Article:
mental health

Reducing cost

through provider

collaboration

Developing

sustainable

specialised

services

Changing how we

work together to

deliver the

transformation

required

• Promote self care

and prevention

• Improved access

and coordination of

care

• Sustainable primary

care

• Co-operative

structures across

parts of the system

• Financial

investment by the

system

• Contracting and

whole population

budgets

• Integration of

mental health

• Reduce pressure

on and simplify

A&E

• Implementation of

standards, policies

and guidelines

• Collaborate to

improve quality

and efficiency

through

consolidation (e.g.

the elective

orthopaedic

centres)

• Standardise care

across pathways

• Standardise and

consolidate nonclinical

support

services

• Optimise

workforce

• Capitalise on

collective buying

power

• Consolidate

clinical support

services

• Capitalise on

collective estate

• Joint

commissioning

and delivery

models

• Strategic plan for

south London

London

Specialised

Commissioning

Planning Board

• Managing demand

across boundaries

• Mental health

collaboration

• Effective joint

governance able

to address difficult

issues

• Incorporation of

whole

commissioning

spend including

specialist services

• Sustainable

workforce strategy

• Collective estates

strategy and

management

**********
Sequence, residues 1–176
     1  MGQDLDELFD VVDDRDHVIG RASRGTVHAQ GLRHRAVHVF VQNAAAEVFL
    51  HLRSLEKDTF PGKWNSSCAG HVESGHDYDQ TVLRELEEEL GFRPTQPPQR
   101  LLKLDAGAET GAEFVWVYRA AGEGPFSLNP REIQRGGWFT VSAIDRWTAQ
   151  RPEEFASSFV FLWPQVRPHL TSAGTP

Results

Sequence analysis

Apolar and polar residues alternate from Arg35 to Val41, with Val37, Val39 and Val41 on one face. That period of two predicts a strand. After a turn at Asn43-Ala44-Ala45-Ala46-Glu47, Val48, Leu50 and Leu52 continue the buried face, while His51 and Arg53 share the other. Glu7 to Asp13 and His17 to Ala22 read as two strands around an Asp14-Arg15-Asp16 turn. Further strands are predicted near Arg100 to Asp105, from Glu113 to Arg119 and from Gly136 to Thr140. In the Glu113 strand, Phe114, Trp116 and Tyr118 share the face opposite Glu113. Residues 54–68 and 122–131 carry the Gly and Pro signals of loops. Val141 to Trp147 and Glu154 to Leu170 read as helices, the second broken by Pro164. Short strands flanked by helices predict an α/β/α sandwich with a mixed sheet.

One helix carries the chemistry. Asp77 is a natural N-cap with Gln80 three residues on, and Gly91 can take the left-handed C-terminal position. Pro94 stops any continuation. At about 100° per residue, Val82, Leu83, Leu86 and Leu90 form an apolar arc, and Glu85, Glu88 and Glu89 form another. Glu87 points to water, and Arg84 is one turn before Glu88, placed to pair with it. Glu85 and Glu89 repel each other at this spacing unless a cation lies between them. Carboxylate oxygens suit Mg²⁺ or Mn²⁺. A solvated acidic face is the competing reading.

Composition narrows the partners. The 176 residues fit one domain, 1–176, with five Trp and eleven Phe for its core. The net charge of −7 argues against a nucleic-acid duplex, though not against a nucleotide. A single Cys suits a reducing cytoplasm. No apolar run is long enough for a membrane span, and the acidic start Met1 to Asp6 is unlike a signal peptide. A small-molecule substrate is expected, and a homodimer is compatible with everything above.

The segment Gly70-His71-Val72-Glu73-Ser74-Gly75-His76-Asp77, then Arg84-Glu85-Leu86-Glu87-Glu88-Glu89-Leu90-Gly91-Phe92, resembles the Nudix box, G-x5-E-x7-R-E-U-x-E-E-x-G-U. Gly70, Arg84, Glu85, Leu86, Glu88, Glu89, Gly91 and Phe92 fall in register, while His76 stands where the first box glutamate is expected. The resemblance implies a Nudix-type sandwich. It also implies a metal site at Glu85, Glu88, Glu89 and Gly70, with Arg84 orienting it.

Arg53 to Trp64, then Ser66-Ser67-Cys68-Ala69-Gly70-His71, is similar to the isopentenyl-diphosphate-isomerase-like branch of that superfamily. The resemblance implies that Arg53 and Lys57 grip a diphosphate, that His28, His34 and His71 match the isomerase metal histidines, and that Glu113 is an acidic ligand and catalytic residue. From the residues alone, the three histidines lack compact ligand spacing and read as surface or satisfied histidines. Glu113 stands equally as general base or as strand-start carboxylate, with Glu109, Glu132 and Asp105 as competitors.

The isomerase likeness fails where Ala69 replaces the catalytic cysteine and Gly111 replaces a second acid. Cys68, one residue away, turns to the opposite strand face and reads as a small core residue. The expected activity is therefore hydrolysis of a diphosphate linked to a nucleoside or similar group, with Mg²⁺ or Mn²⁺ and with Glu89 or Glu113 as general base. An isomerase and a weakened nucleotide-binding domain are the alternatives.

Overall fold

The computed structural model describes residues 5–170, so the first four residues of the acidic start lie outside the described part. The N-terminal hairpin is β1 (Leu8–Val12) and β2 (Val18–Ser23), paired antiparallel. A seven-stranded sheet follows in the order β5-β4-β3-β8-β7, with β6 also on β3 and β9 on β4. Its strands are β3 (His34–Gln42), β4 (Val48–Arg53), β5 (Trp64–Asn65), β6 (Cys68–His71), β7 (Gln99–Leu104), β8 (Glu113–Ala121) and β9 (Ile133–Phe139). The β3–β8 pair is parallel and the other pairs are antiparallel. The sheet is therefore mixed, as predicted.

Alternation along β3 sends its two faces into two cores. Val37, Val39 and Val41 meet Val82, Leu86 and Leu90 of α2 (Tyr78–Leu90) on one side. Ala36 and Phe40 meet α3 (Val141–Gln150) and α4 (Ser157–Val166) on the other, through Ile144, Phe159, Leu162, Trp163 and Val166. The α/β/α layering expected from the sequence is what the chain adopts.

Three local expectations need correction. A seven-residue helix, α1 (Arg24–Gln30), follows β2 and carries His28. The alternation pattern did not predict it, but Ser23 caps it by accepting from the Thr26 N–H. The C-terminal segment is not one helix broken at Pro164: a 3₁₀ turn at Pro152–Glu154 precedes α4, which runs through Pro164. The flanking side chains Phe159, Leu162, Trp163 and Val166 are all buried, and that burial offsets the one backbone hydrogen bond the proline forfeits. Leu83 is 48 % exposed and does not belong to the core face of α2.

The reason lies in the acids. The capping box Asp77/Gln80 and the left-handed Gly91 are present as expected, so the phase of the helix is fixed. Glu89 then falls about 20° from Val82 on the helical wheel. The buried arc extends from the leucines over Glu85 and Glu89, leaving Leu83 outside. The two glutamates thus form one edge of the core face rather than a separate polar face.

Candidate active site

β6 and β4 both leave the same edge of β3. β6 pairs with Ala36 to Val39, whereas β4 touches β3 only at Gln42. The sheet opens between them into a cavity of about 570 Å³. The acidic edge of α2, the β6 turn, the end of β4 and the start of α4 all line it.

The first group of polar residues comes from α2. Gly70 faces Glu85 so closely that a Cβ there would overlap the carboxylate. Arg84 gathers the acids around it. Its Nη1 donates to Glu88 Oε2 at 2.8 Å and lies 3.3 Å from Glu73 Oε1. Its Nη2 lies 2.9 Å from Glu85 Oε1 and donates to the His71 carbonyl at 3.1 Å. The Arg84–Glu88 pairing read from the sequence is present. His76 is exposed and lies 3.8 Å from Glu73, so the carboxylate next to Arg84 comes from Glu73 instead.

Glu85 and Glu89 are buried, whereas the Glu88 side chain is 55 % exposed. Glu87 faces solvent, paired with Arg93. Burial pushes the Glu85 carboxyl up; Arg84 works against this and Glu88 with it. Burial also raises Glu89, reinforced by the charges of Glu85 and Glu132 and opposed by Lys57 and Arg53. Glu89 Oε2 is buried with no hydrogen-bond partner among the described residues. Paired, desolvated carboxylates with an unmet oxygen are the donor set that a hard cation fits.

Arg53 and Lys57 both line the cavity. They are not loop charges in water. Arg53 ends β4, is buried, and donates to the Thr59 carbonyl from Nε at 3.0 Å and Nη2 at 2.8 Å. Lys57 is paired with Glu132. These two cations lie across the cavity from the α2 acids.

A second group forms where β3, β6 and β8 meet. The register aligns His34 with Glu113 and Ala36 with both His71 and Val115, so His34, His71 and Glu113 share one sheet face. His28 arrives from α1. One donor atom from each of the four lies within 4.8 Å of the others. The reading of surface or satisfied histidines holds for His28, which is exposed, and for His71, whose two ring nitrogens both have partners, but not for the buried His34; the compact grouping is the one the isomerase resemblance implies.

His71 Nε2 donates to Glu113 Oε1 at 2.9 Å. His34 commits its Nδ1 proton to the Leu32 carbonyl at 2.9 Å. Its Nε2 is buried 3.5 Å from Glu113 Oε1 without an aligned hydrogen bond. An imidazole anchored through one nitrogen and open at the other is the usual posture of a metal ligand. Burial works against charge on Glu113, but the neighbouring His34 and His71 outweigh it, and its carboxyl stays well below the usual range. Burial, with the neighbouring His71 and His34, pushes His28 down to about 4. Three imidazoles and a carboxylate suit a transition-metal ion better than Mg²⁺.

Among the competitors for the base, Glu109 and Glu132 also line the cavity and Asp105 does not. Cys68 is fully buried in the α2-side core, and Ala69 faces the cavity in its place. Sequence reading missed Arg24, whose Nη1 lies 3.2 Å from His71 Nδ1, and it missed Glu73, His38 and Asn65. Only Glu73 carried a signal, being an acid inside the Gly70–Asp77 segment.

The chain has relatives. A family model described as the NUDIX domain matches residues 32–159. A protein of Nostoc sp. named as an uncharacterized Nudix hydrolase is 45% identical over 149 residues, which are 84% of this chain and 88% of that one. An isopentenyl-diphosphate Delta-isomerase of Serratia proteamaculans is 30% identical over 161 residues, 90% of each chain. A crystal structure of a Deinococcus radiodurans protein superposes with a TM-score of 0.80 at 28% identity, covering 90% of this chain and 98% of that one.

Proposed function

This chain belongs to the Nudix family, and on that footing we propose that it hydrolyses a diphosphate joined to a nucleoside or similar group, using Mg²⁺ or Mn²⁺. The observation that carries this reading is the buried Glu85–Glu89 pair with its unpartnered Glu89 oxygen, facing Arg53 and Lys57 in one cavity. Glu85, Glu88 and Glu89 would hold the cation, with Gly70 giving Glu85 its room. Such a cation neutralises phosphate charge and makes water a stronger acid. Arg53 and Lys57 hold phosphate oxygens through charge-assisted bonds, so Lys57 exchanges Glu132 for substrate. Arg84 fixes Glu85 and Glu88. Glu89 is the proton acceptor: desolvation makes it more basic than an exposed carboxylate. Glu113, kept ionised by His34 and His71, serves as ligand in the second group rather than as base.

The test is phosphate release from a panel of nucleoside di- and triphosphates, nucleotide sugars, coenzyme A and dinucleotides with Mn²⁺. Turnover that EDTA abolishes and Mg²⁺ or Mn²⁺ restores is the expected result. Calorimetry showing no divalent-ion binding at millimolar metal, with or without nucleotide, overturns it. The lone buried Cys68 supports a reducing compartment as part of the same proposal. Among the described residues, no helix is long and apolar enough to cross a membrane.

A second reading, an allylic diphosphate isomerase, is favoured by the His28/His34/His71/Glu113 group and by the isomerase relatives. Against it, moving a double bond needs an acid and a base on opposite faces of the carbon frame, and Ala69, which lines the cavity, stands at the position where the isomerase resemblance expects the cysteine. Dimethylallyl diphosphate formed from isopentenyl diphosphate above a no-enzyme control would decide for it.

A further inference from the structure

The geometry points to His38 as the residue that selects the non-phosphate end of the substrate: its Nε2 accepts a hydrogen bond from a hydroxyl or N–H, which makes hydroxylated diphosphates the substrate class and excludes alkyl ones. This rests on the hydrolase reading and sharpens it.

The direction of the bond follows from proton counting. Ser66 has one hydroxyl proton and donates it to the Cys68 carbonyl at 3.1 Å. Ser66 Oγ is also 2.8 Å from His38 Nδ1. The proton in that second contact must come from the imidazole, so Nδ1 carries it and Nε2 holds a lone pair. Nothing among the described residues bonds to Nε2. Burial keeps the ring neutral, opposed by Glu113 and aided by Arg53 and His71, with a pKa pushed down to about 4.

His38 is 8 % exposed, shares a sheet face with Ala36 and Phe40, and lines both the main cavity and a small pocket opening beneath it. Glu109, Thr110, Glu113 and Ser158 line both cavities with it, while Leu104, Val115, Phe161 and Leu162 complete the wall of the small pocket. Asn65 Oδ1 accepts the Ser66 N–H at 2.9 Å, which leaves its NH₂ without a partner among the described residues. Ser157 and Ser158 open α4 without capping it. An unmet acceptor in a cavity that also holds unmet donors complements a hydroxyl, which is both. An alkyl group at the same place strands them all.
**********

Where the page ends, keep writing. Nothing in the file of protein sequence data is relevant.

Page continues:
• New models of

collaboration and

delivery

• Reduction in A&E attends and non-elective

admissions

• Reduced length of stay

• Reduced re-admissions

• Early identification and intervention

• Delivery of care in alternative settings

(Net savings c.£116m)

Cross-organisation

productivity savings

from joint working,

consolidation and

improved efficiency

(Net saving

c.£225m)

• Increased

collaboration

• Reduced

duplication

• Management of

flow

(Need to address

£190m)

• Aligned decision

making resulting

in faster

implementation

• Increased

transparency and

accountability

Draft in progress |

6


Together our local priorities align with the ten questions that nationally STPs must answer

Collectively, our priorities help address the ten questions posed by NHS England in the submission guidance. The

questions cover the full range of health and care provision so, while our priorities address them all, they are

supported by local organisational and collective plans that aim to address our challenges and meet national

standards and requirements.

Each of our priorities have a different focus and, as a result, address different questions. The contribution of our

priorities to address the questions is summarised below. Our fifth priority, how we will work collaboratively, will

enable the delivery of our plans rather than directly addressing a question. As such it has not been included in the

table below.

Draft in progress |

7


Developing consistent and high quality community based care

(CBC) and prevention

Our priority for the next five years is to expand

accessible, proactive and preventative care for mental

and physical health problems outside of hospital, which

offers the best value. Demand for secondary and acute

care is rising.

We have developed and adopted a new model of

integrated community based care that focuses on